Again, the doctor you will see tomorrow will write down your medical history and examine you. You may want to prepare for that appointment by making a list of those "little annoying symptoms" you mentioned above - you may even print out your thread on this forum. If s/he sees a pattern or cause for alarm, then s/he knows what to do in your best interests.
    I hope this helps.
    PBL

  6. #6
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    I've actually been putting in effort to lead a reasonably maximally healthy lifestyle, especially recently. My hygiene has always been good. I do wash my clothes and my bed sheets often, and at least daily change my underwear. I also wash my hands quite frequently, probably more often than average, but not to a germaphobic extent. Mostly, I do wash them before eating, especially if they're dirty. The one instance of impetigo that I had happened to be on the back of my neck (it never happened on my face), and it was thought to be caught in the gym.

    Generally, I do try to stay active, though there have been some hiccups and pauses. I try to do both strength and cardio. But even if I'm not, whenever I'm in the office for the day for my internship, I utilize the standing desks and alternate between standing and sitting every 30 minutes to an hour, and go for a stroll during lunch hour.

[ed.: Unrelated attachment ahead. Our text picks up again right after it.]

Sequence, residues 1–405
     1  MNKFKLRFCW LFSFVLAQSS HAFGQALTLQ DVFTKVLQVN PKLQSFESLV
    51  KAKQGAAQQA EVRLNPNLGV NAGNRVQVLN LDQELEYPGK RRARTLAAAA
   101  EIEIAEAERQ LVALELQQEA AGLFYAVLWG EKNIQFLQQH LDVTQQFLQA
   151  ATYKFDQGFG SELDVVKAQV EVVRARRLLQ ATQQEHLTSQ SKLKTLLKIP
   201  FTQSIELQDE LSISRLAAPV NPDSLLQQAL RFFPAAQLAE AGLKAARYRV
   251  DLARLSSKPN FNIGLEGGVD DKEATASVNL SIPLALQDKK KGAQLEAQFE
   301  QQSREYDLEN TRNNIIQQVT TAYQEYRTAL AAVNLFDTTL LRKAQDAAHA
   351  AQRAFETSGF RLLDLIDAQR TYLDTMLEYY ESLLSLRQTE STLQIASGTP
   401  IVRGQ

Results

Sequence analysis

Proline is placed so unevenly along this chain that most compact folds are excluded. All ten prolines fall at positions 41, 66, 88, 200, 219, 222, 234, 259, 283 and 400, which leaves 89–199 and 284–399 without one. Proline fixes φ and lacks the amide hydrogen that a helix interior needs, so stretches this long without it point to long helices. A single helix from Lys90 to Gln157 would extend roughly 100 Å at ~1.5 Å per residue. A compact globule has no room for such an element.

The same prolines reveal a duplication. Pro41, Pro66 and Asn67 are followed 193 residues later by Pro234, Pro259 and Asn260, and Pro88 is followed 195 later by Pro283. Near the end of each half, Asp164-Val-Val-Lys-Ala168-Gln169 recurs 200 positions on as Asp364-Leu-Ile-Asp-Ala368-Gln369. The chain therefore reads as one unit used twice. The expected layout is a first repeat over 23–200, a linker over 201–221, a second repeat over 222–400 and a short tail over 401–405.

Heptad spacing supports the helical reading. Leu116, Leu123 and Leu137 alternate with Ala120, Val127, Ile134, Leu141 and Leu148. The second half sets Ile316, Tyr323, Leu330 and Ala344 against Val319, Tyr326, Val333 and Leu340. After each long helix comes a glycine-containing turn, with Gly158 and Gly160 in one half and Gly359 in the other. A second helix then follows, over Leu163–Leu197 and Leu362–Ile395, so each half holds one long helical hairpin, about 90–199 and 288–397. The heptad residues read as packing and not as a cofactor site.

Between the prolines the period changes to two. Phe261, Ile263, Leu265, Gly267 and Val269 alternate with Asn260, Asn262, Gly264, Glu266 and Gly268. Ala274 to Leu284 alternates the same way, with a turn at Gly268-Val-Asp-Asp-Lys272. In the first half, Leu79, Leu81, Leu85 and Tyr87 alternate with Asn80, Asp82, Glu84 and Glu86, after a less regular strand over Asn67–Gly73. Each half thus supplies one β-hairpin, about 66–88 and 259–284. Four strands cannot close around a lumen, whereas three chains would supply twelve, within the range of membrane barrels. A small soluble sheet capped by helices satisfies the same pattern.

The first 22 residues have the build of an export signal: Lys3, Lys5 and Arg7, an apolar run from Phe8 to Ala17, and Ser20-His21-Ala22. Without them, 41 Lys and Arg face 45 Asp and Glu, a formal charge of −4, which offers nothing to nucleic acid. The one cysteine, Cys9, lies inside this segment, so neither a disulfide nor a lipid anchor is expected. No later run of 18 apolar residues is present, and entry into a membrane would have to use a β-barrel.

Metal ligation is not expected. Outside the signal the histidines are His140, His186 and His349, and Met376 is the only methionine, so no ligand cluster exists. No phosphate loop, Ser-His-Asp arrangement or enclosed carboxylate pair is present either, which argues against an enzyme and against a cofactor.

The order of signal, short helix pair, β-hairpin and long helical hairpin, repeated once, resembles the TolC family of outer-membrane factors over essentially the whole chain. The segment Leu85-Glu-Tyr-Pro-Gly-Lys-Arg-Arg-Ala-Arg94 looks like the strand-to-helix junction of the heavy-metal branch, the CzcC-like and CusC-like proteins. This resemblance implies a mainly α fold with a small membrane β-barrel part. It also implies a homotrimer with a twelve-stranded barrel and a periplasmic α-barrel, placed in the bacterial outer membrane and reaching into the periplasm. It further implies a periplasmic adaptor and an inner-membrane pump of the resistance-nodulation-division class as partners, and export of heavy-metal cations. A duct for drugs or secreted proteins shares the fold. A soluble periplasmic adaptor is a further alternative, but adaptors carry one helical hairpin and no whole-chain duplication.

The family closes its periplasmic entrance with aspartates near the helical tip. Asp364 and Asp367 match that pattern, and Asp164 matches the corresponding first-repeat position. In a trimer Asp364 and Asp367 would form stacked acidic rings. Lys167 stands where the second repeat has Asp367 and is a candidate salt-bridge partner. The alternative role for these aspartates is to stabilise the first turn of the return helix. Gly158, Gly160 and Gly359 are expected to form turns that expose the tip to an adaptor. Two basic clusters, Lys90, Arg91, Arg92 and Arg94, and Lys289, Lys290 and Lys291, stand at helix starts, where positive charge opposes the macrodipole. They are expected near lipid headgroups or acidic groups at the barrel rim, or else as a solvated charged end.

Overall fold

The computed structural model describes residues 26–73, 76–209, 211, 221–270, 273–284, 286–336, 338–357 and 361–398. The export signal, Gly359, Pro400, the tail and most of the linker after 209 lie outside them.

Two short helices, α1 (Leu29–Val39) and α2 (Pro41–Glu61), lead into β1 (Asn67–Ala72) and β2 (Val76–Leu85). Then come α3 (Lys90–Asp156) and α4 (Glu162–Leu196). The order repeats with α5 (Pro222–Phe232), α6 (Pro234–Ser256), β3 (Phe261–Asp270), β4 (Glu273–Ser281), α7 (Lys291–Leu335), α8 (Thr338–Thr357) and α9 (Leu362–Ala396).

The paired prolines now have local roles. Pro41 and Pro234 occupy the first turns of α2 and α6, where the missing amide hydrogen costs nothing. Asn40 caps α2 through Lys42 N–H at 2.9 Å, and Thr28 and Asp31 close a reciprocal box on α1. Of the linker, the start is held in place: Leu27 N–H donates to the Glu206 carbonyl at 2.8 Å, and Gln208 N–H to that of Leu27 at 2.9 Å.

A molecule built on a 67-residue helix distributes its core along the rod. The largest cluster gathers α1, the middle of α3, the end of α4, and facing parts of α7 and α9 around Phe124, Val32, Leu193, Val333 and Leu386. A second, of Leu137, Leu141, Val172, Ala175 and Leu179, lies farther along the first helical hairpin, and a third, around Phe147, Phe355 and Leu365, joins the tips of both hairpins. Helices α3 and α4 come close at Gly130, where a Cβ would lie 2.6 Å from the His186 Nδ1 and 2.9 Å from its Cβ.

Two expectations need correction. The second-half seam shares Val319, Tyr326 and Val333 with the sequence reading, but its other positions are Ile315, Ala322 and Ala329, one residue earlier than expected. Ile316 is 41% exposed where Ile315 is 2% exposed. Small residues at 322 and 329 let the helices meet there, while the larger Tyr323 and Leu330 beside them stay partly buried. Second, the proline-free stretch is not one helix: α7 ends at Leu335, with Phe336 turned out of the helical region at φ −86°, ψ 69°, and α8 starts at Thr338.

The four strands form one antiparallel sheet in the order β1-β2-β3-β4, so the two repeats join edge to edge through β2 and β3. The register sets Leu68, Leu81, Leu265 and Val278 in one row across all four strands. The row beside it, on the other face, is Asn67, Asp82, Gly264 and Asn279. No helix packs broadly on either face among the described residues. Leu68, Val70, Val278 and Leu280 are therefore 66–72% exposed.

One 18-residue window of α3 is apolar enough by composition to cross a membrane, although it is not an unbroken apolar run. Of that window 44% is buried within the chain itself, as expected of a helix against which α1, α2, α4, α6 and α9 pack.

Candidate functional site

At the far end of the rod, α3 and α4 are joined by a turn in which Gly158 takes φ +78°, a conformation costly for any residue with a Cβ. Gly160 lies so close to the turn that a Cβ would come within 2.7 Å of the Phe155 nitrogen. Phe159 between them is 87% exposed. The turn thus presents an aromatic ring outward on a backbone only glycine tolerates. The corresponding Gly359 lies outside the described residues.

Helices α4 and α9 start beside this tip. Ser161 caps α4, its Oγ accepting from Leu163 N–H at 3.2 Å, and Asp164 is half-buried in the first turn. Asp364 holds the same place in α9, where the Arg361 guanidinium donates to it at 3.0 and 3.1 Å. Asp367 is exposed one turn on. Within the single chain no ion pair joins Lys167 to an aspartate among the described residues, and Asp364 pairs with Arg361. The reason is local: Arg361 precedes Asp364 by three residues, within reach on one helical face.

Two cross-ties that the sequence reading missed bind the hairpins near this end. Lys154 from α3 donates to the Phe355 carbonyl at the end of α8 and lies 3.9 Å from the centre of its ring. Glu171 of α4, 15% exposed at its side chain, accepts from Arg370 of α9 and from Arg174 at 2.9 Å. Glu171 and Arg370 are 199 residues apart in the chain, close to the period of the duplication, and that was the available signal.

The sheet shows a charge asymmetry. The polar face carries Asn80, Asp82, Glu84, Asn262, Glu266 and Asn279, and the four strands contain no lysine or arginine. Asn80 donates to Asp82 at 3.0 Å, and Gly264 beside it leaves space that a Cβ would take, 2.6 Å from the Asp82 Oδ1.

With regard to the pilonidal sinus, the only thing is I do drive a lot because it's a hobby of mine and I enjoy it, but whenever I go for a long drive, I always take care to take breaks every 50 miles or so and get out of the car and stretch. The overwhelming risk factor is probably the fact that I have a lot of hair in the area, so I'm looking at getting that area treated with laser hair removal, as that's been shown to bring down the risk a lot, and frequently cleaning the area. But sometimes you just draw the short stick with these things.

    I used to eat a lot of sugar (and this was true for my whole life until a couple months ago), and did almost go into the overweight BMI at one point, but for a while, I've been eating very little added sugar, especially on the weekdays (and just modestly more lenient on the weekends). I try to eat mostly whole foods, and stick to complex carbs instead of simple carbs. I eat fruits, vegetables, and nuts. And that's what the vast majority of my diet consists of. I don't smoke, and rarely (and when I do, moderately - no more than 2-3 at the very most) drink. I do 16/8 intermittent fasting, and I am nowhere near overweight. I keep my window open for all of Orlando's summer (March/April to October) months because I like bringing in the fresh air and I like the climate here. I get out of the house a lot too.